Further, it is preferable to set KuV/kBT of the magnetic recording medium 83 in a heated state at an area having the laser beam applied thereto as being more than 15 (further preferably more than 45). At the area having the laser beam applied thereto, a portion to which the recording magnetic filed is applied by the recording device 89 has magnetization inversion or such occurring therein and thus new information is recorded, while thermal stability of residual magnetization at a portion at which no recording magnetic field is applied, especially, thermal stability of the residual magnetization in the second magnetic layer 29 increases. Normally, in a hard disk drive for which a strict thermal stability requirement is applied, an allowable value is approximately 10% reduction in residual magnetization for ten years in a case where it is stored in the room temperature. KuV/kBT=15, mentioned above, is determined from consideration of reduction in the residual magnetization occurring when laser beam application is performed ten thousand times, assuming that each time of laser beam application is carried out for 10 ns.

Furthermore, KuV/kBT of the magnetic recording medium 83 at a heated condition in an area to which the laser beam is applied is preferably below 80 in a case where the first magnetic layer 26 or the second magnetic layer 29 is of a continuous film, in terms of influence due to the heating such as thermal deformation or such of the substrate 21 in the recording medium, or a saturation magnetic field density of magnetic pole material which is technically available at the present time for the recording device 89. The above-mentioned case where the first magnetic layer 26 or the second magnetic layer 29 is of a continuous film includes, as long as it is the continuous film, not only a case of the first magnetic layer 26 or the second magnetic layer 29, but also a case of the first vertical magnetic film or the second vertical magnetic film according to the second embodiment, a case of the first magnetic layer or the second magnetic layer according to the third embodiment, or a case of a magnetic layer of a magnetic recording medium having a single magnetic layer. In a case of a magnetic layer having magnetic grains having columnar granular structures or a patterned medium in which magnetic grains are regularly disposed in a non-magnetic substrate, the above-mentioned KuV/kBT of the magnetic recording medium 83 at a heated condition in an area to which the laser beam is preferably set less than 1500, and more preferably, less than 300. The above-mentioned continuous film means a film in which a non-magnetic region is formed around a magnetic grain thanks to segregation of crystalline magnetic grains or such.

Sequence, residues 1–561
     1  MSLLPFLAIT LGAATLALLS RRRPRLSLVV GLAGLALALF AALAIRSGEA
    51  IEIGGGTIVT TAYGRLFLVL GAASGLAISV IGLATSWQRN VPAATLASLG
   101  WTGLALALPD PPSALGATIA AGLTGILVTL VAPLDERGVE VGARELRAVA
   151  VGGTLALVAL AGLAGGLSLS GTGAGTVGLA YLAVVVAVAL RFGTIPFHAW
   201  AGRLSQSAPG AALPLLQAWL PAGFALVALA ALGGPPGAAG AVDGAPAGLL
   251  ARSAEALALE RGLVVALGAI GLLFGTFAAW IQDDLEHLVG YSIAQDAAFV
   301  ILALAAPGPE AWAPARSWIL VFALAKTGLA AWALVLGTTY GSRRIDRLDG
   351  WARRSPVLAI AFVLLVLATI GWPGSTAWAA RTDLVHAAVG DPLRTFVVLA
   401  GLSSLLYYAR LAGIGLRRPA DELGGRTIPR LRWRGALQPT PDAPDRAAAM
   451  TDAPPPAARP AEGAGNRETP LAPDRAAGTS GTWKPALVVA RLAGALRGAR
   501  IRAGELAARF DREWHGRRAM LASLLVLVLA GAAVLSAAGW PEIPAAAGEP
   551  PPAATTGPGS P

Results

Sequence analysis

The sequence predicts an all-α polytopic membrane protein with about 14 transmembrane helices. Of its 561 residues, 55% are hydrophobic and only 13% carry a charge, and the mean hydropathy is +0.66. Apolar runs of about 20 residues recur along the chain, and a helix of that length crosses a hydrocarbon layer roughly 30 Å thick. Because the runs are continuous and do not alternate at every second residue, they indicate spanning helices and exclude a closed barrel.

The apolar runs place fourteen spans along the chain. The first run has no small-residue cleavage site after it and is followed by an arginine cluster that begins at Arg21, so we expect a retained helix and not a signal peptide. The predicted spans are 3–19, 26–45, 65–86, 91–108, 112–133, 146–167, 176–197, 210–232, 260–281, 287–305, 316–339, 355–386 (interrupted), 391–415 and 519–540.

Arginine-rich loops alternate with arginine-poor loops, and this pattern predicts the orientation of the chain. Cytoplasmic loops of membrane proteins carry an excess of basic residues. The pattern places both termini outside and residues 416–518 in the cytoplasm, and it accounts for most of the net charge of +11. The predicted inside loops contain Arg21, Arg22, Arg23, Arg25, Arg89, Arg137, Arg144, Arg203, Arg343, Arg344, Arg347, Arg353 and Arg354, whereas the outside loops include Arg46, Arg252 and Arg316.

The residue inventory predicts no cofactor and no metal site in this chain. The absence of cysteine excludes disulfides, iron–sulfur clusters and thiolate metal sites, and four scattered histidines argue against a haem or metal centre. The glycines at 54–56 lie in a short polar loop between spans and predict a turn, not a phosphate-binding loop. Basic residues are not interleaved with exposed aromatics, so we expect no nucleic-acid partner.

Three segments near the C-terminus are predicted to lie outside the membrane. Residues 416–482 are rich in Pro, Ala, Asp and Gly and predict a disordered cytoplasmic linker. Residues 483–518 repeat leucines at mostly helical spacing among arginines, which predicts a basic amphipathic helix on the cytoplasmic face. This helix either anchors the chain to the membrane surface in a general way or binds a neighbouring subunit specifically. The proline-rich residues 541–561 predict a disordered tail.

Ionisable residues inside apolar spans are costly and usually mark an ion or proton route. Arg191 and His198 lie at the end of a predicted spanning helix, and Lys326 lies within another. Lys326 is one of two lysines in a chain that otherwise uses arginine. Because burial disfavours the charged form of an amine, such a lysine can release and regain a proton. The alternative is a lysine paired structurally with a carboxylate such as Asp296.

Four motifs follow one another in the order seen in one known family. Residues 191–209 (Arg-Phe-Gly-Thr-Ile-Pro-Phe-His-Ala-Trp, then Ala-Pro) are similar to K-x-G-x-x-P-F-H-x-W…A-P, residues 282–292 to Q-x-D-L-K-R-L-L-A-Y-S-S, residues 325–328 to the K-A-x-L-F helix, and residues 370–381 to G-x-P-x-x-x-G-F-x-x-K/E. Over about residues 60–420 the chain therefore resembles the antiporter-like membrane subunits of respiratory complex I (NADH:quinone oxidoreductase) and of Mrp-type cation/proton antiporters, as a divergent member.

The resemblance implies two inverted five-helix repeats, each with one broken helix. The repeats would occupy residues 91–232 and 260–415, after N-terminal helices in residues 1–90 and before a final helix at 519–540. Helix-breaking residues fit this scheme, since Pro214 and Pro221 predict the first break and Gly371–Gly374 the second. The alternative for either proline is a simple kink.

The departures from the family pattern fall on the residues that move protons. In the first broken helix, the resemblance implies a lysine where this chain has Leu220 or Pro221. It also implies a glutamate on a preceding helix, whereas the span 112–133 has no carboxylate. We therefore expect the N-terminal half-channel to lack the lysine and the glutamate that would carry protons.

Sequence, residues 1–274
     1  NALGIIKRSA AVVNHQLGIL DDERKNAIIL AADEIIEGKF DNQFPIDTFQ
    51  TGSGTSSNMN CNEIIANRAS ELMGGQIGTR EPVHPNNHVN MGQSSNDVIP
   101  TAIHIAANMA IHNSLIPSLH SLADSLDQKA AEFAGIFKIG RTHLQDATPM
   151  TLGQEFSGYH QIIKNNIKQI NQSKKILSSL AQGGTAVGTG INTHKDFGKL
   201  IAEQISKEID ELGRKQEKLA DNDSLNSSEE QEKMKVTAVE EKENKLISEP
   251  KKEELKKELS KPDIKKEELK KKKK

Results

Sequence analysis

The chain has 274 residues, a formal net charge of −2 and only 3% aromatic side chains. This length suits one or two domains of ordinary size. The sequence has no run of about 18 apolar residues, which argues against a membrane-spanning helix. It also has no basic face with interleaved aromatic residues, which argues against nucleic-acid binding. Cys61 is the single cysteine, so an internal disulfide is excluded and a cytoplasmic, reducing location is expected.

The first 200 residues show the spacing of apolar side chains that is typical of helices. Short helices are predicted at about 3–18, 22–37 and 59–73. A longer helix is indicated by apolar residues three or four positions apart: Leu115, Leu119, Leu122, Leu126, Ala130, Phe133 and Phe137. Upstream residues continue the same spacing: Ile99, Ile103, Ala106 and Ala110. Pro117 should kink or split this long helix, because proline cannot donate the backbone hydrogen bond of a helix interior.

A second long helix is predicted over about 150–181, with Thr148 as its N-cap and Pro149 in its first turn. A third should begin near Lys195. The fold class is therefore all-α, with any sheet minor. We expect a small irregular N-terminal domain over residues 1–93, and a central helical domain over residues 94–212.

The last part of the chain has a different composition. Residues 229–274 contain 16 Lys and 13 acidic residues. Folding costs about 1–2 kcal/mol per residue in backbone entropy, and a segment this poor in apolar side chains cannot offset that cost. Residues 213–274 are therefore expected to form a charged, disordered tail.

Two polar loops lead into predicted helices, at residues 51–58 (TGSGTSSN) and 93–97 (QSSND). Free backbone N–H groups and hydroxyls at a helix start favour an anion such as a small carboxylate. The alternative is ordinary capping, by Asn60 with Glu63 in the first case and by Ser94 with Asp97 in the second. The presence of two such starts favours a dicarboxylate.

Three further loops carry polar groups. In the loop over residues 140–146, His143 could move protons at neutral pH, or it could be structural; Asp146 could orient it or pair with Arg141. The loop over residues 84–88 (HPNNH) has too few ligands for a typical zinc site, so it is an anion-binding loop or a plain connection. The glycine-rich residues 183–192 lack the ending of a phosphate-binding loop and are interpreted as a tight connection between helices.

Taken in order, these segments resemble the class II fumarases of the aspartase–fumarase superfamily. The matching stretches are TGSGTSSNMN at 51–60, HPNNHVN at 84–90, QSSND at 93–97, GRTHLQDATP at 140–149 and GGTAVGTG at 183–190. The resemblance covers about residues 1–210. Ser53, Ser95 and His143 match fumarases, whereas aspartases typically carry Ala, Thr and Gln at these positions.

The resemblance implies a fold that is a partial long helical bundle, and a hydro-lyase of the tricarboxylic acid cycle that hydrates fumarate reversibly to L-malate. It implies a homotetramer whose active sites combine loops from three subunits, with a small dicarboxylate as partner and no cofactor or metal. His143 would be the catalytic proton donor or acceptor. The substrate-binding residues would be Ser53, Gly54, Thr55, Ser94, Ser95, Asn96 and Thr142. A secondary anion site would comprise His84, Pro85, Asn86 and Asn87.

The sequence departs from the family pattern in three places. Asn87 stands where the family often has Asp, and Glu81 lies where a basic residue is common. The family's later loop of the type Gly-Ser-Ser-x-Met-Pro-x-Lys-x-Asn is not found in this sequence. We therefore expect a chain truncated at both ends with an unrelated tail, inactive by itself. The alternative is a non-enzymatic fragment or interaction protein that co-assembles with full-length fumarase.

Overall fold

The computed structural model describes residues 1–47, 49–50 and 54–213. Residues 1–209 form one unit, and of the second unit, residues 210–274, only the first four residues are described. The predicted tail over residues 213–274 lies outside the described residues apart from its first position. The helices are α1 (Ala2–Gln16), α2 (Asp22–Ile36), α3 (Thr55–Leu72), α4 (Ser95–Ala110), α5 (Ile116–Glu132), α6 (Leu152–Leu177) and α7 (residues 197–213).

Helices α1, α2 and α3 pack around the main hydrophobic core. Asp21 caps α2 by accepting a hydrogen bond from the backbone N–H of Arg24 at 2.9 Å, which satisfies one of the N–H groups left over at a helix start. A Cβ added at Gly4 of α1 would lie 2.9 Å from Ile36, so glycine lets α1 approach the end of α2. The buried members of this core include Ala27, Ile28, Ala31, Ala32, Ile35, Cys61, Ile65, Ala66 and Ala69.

Thus, KuV/kBT of the magnetic recording medium 83 at a heated condition in an area to which the laser beam is applied is preferably in a range between 15 and 80 in a case where the first magnetic layer 26 or the second magnetic layer 29 is a continuous film. In a case of a magnetic layer having magnetic grains in columnar granular structures, or a patterned medium in which magnetic grains are regularly disposed in a non-magnetic substrate, the same is preferably in a range between 15 and 1500.

In order to control KuV/kBT as described above, the above-described magnetocrystalline anisotropy constant Ku of the magnetic recording medium or the laser output is appropriately selected. KuV/kBT is obtained from, based on a formula (I) described later, measuring a so-called dynamic coercive force Hc′ for various ones of a magnetic field switching interval ‘t’. Measurement of the dynamic coercive force Hc′ is carried out with the use of an inverse DC degaussing method for example. In the inverse DC degaussing method, recording is carried out in a condition in which the above-mentioned temperature at the heated condition is set.

Further, due to the laser beam application, the amount of exchange interaction (exchange coupling magnetic field) between the first magnetic layer 26 and the second magnetic layer 29 decreases, rotation of magnetization in each of the first magnetic layer 26 and the second magnetic layer 29 can be carried out more easily than in a recording process around the room temperature, and thus, the overwrite performance is further improved.

The temperature to which the first and second magnetic layers 26 and 29 is heated due to the laser beam application is not limited to the 100° C., and any other temperature may be applied as long as it is higher than the temperature at which the magnetic recording medium 83 is normally used. In terms of thermal durability of the substrate, this heating temperature is preferably selected from a range below 400° C. In terms of crystallization in a case where the amorphous layer is employed as material of the foundation layer of the magnetic recording medium 83, a range below 200° C. is especially preferable, and a range below 150° C. is further preferable. In terms of thermal stability of the first magnetic layer 26 and/or the second magnetic layer 29, a range higher than 65° C. is preferable.